NHS Continuing Healthcare Funding (CHC) is a package of fully funded care provided by the NHS where an individual has a ‘primary healthcare need’ ie care needs over and above those that can lawfully be provided by the Local Authority (via Social Services). CHC Funding is free at the point of need and is not subject to means-testing. Wealth is not the issue, as it’s all about healthcare needs.
Where CHC Funding is granted to an individual, the National Framework for NHS Continuing Healthcare Funding and NHS-Funded Nursing Care (Revised 2018) provides that the package of care should be reviewed regularly by the NHS Clinical Commissioning Group (CCG) to ensure that it is still adequate to meet your relative’s healthcare needs. Needs can, of course, fluctuate over time.
Paragraph 189 of the National Framework (2018) provides that such reviews should be carried out within 3 months of the eligibility decision to grant NHS Continuing Healthcare Funding, and then again at least every 12 months thereafter (although the Framework states that “some individuals will require more frequent review in line with clinical judgement and changing needs”).
According to the National Framework, these regular reviews should be referenced against the latest Decision Support Tool for comparison purposes, as a guide to identify any potential changes in an individual’s healthcare needs since the last review. The review is therefore an integral part of monitoring and assessing your relative, and checking whether the NHS funded care package is still adequate and appropriate to meet their needs. Does CHC Funding need to be increased (or decreased) to reflect any changes in their healthcare needs? For example, perhaps since the last annual review there has been a marked deterioration in cognitive impairment, considerable weight loss, or decreased mobility now requiring 2 carers to assist with all transfers. Each healthcare need will impact on and interact with another aspect of the care needs required. Consequently, if upon review, your relative’s needs have become more difficult to manage, intense, complex, or unpredictable, then increased funding may be needed to meet any adjustments to the care plans previously in place.
So, if the current CHC funded package is insufficient, then use the review as an opportunity to encourage the CCG’s assessors to recommend that an increased package of funded care needs to be implemented to look after your relative.
However, beware! The review process can present an opportunity for some CCG assessors to argue that there has been a change in an individual’s needs, such that CHC Funding may no longer be appropriate. This is often contrary to the reality as families contend that their relative’s needs clearly haven’t changed, and if anything, they have got worse!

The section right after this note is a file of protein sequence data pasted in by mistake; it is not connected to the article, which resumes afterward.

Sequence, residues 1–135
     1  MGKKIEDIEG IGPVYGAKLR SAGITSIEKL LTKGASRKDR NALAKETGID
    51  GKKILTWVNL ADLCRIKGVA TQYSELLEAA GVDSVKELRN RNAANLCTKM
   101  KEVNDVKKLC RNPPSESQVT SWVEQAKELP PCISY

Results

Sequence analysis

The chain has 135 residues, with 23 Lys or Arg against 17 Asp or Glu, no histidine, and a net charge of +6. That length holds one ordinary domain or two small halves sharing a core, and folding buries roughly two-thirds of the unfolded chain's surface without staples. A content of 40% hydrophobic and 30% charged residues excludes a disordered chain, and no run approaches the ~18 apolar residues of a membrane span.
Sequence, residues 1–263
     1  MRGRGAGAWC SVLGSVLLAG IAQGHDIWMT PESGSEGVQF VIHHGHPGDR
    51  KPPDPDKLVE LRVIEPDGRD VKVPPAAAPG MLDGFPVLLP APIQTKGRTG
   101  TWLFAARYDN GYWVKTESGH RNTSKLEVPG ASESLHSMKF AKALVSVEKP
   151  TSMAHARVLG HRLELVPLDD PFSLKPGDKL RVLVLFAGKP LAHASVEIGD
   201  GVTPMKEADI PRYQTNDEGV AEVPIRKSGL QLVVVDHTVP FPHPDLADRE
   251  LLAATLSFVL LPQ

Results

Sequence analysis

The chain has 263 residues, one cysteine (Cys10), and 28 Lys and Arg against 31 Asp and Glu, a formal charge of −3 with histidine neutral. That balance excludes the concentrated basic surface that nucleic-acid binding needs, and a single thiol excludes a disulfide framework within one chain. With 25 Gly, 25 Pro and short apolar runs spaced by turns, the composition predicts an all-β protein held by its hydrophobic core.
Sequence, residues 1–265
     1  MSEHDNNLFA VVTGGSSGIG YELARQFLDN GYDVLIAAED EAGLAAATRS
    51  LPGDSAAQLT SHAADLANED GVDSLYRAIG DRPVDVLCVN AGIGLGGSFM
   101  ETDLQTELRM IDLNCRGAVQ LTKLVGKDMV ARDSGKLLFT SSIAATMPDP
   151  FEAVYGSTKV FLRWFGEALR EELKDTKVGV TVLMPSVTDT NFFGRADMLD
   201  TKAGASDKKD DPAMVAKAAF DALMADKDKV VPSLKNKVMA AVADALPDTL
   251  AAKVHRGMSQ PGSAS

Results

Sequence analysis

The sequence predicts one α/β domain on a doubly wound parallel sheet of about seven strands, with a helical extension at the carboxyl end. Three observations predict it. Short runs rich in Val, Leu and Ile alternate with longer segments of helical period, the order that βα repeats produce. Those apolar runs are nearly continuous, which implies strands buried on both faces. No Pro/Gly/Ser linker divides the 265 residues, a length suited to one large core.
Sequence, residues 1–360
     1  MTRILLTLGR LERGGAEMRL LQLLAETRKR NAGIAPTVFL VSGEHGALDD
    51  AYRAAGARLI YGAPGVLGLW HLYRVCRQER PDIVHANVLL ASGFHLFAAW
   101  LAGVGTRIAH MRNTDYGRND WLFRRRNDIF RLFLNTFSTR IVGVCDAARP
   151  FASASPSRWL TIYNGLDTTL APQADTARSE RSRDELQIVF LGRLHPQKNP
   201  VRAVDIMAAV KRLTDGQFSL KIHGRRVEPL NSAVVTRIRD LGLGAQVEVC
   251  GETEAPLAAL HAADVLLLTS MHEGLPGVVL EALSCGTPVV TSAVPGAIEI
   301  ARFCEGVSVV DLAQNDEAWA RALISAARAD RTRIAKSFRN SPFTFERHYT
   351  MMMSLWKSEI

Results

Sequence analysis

If at the review the assessors feel the needs have changed (ie improved), the matter will be referred back to the CCG to arrange another Full Assessment before a Multi-Disciplinary Team (MDT) and an updated Decision Support Tool completed. The risk, of course, is that CHC Funding will then be withdrawn at this next formal MDT reassessment.
The review process is entirely subjective, and therefore open to abuse. It can lead to inconsistent results across the country, where an individual with the same healthcare needs might get CHC Funding in one part of the country but be rejected if assessed elsewhere. It is often referred to as the ‘postcode lottery’. Families are at the mercy of the CCG’s assessors, and unfortunately, the less savvy could fare badly.
It is our experience that some CCG’s assessors wrongly recommend that CHC funding be withdrawn when it is blatantly obvious that it should be sustained and kept in place. Why do so many families tell us that funding is removed following a reassessment by a Multi-Disciplinary Team, despite there clearly being no improvement in their relative’s healthcare needs? Perhaps this is because some CHC Assessors just don’t understand the National Framework or else have been insufficiently trained in the review process, leading to incorrect application of the assessment criteria. More cynical readers might say that it’s simply a matter of finances and assessors towing the ‘party line’ to save money and protect their CCG’s budget! The NHS has to save £855 million by 2020 in NHS Continuing Healthcare Funding. Whilst the National Framework states that financial considerations should never be part of the assessment process, inevitably, increased care needs mean more cost, and hence more funds leaking from CCG budgets.